Note:  Any changes that you make to these settings apply to all items that you edit, not just the one you are currently working in.

Require

Setting

Options

Comma required before last list item

Select don't check if you don't want the grammar checker to check for this issue.

Select never if you want the grammar checker to flag as errors any sentences that include a comma before the last item. The following is an example of a sentence that the grammar checker considers incorrect with this setting: Please buy milk, crackers, and bananas.

Select always if you want the grammar checker to flag as errors any sentences that omit a comma before the last item. The following is an example of a sentence that the grammar checker considers incorrect with this setting: Please buy milk, crackers and bananas.

Punctuation required with quotes

Select don't check if you don't want the grammar checker to check for this issue.

Select inside if you want the grammar checker to flag as errors any phrases within quotation marks where the comma is outside the quotation marks. The following is an example of a sentence that the grammar checker considers incorrect with this setting: While critics call the acting "inspired", they point out inconsistencies in the plot.

Select outside if you want the grammar checker to flag as errors any phrases within quotation marks where the comma is inside the quotation marks. The following is an example of a sentence that the grammar checker considers incorrect with this setting: While critics call the acting "inspired," they point out inconsistencies in the plot.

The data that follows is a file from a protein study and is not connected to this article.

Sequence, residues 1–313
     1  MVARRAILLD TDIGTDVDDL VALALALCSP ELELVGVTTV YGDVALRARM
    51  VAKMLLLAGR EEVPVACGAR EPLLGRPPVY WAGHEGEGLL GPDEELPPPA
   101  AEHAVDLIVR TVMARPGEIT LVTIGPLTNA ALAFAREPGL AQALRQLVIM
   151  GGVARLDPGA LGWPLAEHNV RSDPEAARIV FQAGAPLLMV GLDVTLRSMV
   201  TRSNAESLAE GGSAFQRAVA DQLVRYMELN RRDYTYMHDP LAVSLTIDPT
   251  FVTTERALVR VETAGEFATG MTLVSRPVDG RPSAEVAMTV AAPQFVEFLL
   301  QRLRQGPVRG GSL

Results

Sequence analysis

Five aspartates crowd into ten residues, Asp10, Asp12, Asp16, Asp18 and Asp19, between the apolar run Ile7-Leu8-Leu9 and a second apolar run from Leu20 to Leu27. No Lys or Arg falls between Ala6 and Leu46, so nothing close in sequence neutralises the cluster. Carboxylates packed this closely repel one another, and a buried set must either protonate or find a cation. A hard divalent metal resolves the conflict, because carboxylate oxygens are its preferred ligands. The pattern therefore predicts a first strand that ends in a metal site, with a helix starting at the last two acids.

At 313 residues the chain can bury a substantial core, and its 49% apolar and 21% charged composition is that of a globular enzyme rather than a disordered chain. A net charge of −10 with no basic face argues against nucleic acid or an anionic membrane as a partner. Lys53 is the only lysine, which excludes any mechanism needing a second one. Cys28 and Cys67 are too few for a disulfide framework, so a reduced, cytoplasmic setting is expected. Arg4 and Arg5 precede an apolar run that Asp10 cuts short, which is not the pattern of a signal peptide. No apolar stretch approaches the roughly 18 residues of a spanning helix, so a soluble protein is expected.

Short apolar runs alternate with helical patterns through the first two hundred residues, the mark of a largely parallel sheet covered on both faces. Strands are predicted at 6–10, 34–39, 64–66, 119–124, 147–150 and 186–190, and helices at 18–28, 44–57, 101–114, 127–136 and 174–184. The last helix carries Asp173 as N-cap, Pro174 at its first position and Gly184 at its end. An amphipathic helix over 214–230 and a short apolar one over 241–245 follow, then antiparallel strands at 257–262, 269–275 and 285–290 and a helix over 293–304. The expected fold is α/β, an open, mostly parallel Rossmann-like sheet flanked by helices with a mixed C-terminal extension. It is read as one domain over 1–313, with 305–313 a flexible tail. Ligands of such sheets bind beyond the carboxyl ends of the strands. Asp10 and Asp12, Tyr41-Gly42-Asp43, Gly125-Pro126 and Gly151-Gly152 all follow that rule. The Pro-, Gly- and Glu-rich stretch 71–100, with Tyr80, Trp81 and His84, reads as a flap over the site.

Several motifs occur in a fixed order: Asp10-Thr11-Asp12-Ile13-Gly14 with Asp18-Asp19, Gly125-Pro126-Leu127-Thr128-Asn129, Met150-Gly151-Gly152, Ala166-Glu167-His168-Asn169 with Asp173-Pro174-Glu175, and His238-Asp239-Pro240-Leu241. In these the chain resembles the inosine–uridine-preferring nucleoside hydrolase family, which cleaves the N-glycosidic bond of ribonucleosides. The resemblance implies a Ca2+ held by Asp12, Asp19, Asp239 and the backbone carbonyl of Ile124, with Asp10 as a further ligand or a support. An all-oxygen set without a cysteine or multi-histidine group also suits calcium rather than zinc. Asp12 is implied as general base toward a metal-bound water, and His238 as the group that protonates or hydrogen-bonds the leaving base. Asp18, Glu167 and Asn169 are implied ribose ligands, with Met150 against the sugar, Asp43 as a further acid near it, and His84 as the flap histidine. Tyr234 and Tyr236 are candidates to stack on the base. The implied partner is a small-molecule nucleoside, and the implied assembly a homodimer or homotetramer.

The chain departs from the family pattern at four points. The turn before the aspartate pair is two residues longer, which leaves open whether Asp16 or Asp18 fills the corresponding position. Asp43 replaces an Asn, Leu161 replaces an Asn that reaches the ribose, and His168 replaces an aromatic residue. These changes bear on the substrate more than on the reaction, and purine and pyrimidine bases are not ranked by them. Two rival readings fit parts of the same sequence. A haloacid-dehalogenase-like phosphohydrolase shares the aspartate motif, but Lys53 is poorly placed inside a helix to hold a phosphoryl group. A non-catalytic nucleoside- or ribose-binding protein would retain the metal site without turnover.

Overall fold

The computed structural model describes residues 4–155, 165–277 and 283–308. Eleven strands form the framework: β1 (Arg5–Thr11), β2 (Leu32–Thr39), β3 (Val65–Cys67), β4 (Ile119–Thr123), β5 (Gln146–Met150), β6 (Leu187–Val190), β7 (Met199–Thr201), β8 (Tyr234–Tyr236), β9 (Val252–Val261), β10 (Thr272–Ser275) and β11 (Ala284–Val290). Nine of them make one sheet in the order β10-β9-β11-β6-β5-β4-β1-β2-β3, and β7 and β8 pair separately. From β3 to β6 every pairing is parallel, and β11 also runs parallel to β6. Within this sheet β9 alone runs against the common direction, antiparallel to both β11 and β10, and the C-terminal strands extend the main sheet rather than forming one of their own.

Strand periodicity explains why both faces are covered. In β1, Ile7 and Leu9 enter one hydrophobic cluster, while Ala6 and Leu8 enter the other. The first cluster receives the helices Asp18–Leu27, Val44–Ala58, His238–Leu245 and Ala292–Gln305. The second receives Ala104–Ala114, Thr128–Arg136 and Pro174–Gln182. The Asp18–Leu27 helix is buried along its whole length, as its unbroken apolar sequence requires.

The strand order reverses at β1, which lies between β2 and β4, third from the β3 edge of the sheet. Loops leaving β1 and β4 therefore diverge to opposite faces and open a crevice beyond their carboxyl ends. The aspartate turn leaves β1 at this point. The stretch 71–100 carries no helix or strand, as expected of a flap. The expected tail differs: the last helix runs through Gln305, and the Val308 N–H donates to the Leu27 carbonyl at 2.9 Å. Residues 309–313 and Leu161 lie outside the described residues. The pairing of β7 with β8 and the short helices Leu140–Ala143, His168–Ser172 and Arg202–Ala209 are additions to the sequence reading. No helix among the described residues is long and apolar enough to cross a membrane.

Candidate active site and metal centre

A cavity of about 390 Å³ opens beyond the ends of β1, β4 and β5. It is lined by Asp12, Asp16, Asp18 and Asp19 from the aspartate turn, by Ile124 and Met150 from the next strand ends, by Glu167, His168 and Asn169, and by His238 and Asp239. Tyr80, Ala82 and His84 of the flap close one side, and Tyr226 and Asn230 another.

spaces required between sentences

Select don't check if you don't want the grammar checker to check for this issue.

Select 1 if you want the grammar checker to flag as errors any sentences that have more than one space after the period.

Select 2 if you want the grammar checker to flag as errors any sentences that have either a single space or more than two spaces after the period.

Grammar

Check box

Description

Capitalization   

Capitalization problems, such as proper nouns ("Mr. jones" should be "Mr. Jones") or titles that precede proper nouns ("aunt Helen" should be "Aunt Helen"). Also detects overuse of capitalization.

Fragments and run-ons   

Sentence fragments and run-on sentences.

Misused words